Manuel Muñiz, the secretary of state of Global Spain, has finally explained the Spanish government’s reasons for their refusal to permit airport facilities to be used for testing.
According to Muñiz, only 0.35% of Covid-19 cases are imported. This figure may be higher, he admitted, as it is based only on those who have provided their details on arrival to Spain and have subsequently tested positive, but according to Muñiz imported cases are still “nowhere near being the principal source”
“What we have is a challenge to deal with transmission within borders,” said Muñiz in an interview with Antena 3, adding that “any extra security measures relating to international travel are welcome”.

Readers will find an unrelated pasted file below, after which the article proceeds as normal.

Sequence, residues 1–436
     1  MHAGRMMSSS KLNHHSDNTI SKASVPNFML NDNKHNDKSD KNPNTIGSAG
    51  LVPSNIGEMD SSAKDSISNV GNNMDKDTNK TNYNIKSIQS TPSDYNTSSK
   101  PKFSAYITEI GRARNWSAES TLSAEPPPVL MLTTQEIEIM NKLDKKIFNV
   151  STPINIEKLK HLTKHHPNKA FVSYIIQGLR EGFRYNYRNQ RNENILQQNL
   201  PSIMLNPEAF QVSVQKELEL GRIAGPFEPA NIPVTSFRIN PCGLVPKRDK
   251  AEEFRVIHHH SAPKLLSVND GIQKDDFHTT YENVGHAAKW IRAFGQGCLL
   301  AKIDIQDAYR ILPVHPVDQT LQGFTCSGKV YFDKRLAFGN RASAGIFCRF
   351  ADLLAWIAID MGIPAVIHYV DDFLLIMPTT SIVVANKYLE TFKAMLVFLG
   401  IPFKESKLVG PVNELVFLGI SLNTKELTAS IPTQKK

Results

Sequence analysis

Muñiz also announced that Spain’s President, Pedro Sánchez, would be negotiating with his counterparts within the Schengen area today in the hope of negotiating an arrangement that would establish “testing before travel” as a protocol. Whether the UK, which is not a member of the Schengen area, would join negotiations has not been mentioned.
Sánchez is hoping to establish travel corridors between the Spanish islands and other countries that will not require quarantine periods to be observed, and testing before travel is a key element of this.
Muñiz’s explanation for why airports are not being used for testing does not agree with statements earlier this summer by Health Director Fernando Simón. Simón has repeatedly said that airport testing will not detect all cases and give a feeling of “false security”, and has also said that the logistics of testing several planeloads of arrivals are a nightmare.